Naval Reactors History Database (nrhdb)
Favorites (0)
Search:
Rickover, Hyman G. in subject [X]
1974 in date [X]
rss icon RSS | Modify Search | New Search | nrhdb Home
Results:  2 itemsBrowse by Facet | Title
Sorted by:  
Page: 1
Subject
Naval Reactors (2)
Rickover, Hyman G.[X]
S1G (1)
S1W (1)
USS Nautilus (SSN-571) (1)
USS Seawolf (SSN-575) (1)
Date
1974[X]
Type
Text (2)
1Title:  Naval Nuclear Propulsion Program--1972-73 Add
 Summary:  This document is the unclassified record of Joint Committee on Atomic Energy hearings held on February 8, 1972 and March 28, 1973. During the 1972 hearing, Vice Admiral Hyman Rickover describes the current size of the United States' nuclear-powered submarine fleet: "We have a total today of 118 atomic submarines authorized of which 97 are presently operational. Among those that are operational, 41 are fleet ballistic missile submarines, 56 are attack submarines. We have a total of 21 more nuclear attack submarines under construction" (3). Both members of the Joint Committee and Rickover express concern over the quantitative advances in the Soviet Union's submarine fleet. This hearing includes a lengthy discussion on personnel selection and retention issues for the Naval Nuclear Propulsion Program. Rickover also advocates for committee support for the funding the fourth nuclear-powered carrier and for the construction of nuclear-powered carrier escorts. In the 1973 hearing, Rickover again expresses his concern over the rapid growth of the Soviet submarine force, noting that the qualitative advantage of U.S. submarines would be decisive "only so long as the quantitative advantage of the opposing force remains within reasonable bounds" (148). He also describes the Polaris submarine replacement program, Trident, the cost of which clearly concern committee members. He emphasizes that the reactor plant costs for the first submarine ("$56 million") were a relatively small part of the total unit cost (168). At this point in time, "long leadtime propulsion plant components for the lead ship and three follow ships [were] on order." (196). Additionally, construction on the Trident (S8G) prototype had started. Admiral Rickover noted the importance of prototype design and construction: "The Trident submarine is planned to follow the approach that has been used successfully to design, build, and deploy our nuclear submarines since the Nautilus. The prototype propulsion plant is being built using the same time phasing as the Nautilus prototype and ship" (198). Finally, Rickover also provides the committee with an update on the high-speed, SSN-688 (Los Angeles-class) submarine. By 1973, twelve Los Angeles-class submarines were under construction.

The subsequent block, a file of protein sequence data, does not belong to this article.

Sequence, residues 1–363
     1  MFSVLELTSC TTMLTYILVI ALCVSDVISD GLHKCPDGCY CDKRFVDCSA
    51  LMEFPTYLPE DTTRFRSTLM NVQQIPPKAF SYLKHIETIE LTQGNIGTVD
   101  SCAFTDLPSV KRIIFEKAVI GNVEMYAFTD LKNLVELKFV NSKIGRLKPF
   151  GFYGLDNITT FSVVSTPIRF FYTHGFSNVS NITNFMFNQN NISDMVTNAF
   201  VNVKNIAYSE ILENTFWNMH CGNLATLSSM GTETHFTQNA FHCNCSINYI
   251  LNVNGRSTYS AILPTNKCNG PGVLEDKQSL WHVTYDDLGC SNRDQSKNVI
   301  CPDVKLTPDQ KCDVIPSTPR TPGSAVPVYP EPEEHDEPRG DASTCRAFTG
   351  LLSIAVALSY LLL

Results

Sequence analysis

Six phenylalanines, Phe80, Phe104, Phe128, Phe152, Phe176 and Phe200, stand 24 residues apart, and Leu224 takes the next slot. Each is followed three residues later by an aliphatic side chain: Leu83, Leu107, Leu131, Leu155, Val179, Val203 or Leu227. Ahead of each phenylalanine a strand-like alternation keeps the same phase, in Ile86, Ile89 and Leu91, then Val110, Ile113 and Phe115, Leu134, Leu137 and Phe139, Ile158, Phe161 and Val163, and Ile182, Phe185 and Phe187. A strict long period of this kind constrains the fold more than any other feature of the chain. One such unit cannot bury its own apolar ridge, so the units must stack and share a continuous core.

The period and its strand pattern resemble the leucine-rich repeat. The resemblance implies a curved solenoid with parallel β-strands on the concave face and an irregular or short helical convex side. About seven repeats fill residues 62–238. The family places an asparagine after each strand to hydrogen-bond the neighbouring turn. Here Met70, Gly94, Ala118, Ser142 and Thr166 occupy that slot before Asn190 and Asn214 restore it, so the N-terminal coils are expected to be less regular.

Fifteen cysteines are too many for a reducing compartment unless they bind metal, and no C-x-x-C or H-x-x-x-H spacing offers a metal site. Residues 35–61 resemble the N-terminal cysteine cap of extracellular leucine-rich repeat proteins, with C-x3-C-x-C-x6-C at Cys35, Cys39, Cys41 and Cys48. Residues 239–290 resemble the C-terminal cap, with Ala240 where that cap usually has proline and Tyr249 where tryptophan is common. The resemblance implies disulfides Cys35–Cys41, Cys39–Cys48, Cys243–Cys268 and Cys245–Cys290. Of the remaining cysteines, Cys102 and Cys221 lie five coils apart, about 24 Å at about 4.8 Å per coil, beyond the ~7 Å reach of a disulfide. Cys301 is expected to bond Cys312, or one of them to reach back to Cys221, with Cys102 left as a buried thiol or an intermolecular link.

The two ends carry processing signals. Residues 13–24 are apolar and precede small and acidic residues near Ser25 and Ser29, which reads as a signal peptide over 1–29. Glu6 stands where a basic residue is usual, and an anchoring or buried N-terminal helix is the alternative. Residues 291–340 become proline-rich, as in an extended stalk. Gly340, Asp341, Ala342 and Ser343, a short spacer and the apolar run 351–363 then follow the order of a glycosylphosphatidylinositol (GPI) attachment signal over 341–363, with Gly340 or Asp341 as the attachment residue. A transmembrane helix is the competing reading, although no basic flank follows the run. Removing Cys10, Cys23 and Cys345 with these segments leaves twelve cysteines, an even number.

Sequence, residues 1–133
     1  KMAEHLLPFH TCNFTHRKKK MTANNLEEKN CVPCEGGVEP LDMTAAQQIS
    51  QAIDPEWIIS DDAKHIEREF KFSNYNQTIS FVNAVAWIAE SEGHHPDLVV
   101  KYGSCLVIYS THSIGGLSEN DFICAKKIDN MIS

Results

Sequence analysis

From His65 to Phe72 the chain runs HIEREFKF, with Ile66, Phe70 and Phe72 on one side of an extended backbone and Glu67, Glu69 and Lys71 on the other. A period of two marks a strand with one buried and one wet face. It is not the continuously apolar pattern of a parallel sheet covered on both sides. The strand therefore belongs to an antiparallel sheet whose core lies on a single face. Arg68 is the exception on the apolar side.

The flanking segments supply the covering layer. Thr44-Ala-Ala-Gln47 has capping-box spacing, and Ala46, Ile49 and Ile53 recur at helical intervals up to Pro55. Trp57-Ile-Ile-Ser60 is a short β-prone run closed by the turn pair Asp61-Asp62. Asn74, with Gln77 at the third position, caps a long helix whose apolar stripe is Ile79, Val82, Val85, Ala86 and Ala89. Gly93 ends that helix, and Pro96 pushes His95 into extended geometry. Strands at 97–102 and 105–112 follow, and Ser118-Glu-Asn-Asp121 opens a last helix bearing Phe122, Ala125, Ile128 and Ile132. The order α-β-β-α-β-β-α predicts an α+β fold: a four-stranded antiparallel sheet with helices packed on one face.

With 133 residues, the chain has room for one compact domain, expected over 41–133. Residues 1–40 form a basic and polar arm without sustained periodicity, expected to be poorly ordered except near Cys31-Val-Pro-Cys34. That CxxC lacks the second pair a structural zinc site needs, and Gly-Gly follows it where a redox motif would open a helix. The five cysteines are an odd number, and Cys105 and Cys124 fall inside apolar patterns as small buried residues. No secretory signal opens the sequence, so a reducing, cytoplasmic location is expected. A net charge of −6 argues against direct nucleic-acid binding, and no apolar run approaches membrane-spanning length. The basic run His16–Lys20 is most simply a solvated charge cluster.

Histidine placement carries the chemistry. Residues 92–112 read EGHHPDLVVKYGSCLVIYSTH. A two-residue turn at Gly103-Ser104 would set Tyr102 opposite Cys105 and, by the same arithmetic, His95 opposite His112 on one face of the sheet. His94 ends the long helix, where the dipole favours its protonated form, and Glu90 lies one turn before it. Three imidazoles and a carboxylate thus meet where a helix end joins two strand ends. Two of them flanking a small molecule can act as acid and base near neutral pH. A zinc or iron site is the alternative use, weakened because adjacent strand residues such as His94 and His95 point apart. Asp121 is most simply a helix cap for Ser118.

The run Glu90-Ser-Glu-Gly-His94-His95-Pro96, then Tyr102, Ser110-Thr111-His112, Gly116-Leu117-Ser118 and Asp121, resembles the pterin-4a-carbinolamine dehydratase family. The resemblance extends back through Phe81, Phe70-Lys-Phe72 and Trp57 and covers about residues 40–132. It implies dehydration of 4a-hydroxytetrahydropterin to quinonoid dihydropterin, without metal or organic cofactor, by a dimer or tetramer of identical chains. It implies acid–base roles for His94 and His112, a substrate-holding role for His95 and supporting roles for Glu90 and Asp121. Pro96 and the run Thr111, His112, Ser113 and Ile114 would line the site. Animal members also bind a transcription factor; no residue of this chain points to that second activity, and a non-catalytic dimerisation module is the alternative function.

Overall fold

Source:  http://collections.stanford.edu/atomicenergy/bin/search/advanced/process?clauseMapped%28catKey%29=5461010&sort=title 
 Date:   1974 
 Subject(s):  Rickover, Hyman G. | Naval Reactors 
 Type:  Text 
 Format:  PDF 
 Similar items:  Find
2Title:  Nuclear navy, 1946-1962 Add
 Summary:  The foundational history of the Naval Nuclear Propulsion Program, covering the period of the program's creation, under the leadership of Hyman G. Rickover, to 1962, by which time the United States Navy's fleet included nuclear-powered attack submarines, ballistic missile submarines, and surface ships. The program's leadership in support of the Shippingport Atomic Power Station is also chronicled. 
 Source:  http://energy.gov/management/downloads/hewlett-and-duncan-nuclear-navy-1946-1962 
 Date:   1974 
 Subject(s):  Naval Reactors | Rickover, Hyman G. | S1W | USS Nautilus (SSN-571) | S1G | USS Seawolf (SSN-575) 
 Type:  Text 
 Format:  PDF 
 Similar items:  Find

nrhdb Home